Senior lecturer of Public Policy at Tel Aviv University
Photo credit: Jake Burke | Flickr
Irrigation may improve agricultural productivity by allowing farmers to cultivate multiple harvests per year, grow water-intensive crops, and reduce production uncertainty. However, poor water management practices lead to groundwater depletion. One reason that farmers may not adopt efficient irrigation practices is lack of financial incentives to do so; in many regions, farmers do not pay to use groundwater nor for the electricity required for water extraction. Another reason may be lack of information on how much water is optimal for the plant versus what is actually applied. Smart irrigation technologies, such as soil sensors placed on the ground near the base of the plant, measure water content in the soil and can determine optimal water usage. However, small-scale producers rarely have access to technologies that provide optimal water usage information.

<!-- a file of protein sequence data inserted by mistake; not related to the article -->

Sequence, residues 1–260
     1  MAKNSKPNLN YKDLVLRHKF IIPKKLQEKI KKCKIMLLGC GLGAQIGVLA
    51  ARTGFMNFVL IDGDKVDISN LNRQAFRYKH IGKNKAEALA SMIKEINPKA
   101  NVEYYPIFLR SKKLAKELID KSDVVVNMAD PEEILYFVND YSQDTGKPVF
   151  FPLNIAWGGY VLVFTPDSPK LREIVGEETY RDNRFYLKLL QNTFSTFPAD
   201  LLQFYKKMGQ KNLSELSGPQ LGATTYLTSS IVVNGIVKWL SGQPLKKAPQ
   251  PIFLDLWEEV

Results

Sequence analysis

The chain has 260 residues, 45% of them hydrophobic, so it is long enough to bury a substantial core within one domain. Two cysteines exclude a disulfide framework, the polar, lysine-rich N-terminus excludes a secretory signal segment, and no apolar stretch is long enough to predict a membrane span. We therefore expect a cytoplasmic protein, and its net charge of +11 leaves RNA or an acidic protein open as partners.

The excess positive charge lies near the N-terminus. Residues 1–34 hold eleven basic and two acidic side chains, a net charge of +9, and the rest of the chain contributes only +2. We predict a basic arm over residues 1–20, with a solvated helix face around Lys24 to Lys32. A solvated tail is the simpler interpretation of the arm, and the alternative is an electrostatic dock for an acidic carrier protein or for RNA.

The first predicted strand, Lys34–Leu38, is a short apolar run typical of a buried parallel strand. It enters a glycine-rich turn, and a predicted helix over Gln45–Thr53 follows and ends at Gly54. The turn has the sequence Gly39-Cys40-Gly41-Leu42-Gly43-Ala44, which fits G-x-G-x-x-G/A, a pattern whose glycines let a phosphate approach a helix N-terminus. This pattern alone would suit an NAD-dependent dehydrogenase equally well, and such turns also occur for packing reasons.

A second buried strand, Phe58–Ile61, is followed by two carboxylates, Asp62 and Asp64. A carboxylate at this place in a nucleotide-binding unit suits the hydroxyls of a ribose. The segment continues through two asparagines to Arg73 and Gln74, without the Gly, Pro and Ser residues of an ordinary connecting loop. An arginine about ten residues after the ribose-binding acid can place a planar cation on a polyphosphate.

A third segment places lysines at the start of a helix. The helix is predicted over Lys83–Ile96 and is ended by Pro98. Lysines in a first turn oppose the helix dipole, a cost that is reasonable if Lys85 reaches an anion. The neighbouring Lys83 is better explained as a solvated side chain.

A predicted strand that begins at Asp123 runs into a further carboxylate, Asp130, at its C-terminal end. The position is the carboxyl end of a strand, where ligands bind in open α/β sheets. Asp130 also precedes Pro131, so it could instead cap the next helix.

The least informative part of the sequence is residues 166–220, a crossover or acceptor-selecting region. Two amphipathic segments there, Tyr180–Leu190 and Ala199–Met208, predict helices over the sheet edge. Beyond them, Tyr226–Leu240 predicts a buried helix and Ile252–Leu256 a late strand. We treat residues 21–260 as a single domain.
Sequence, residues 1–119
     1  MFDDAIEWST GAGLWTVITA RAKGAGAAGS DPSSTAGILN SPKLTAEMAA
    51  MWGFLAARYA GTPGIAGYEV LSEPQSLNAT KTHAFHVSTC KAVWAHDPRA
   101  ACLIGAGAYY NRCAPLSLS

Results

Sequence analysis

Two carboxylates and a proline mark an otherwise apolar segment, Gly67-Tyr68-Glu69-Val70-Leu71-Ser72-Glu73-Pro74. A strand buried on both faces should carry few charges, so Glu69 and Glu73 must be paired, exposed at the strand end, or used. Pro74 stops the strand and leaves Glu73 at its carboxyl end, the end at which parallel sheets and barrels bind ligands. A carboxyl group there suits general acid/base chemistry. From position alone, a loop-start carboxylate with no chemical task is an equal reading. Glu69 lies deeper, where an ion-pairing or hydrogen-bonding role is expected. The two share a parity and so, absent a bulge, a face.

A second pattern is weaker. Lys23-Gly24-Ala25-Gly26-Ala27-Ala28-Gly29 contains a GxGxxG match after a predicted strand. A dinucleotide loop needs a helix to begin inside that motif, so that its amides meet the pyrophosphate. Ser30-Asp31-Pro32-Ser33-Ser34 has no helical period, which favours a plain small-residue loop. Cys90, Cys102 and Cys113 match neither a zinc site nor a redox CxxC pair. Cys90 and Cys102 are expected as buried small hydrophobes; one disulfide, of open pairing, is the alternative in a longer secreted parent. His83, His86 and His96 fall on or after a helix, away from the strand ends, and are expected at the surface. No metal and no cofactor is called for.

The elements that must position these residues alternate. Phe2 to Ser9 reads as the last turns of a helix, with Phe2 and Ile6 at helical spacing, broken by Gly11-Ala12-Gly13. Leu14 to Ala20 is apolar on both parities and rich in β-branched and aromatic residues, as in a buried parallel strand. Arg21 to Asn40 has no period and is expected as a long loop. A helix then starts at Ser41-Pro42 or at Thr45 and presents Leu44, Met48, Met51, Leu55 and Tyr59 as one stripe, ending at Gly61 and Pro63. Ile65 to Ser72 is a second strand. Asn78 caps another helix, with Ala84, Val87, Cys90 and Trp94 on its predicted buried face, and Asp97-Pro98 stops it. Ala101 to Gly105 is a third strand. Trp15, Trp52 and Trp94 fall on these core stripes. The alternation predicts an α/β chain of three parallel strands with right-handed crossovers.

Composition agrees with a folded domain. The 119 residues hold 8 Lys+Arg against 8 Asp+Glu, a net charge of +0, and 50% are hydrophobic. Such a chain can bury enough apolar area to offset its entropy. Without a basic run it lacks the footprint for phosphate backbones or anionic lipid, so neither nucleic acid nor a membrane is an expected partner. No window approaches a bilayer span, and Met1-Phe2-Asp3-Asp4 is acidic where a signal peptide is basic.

Researchers are conducting a pilot to assess whether installing water meters, smart irrigation technologies, and a combination of the two affects the amount of water used for irrigation by small-scale producers in Gujarat, India. While all participants receive generic irrigation recommendations for their crop from government extension agents, those who receive smart irrigation technologies will be instructed to follow the smart recommendations. Researchers will measure outcomes on water usage and agricultural productivity and conduct qualitative interviews with participants to inform a future randomized evaluation to understand the impacts of better irrigation information on agricultural production.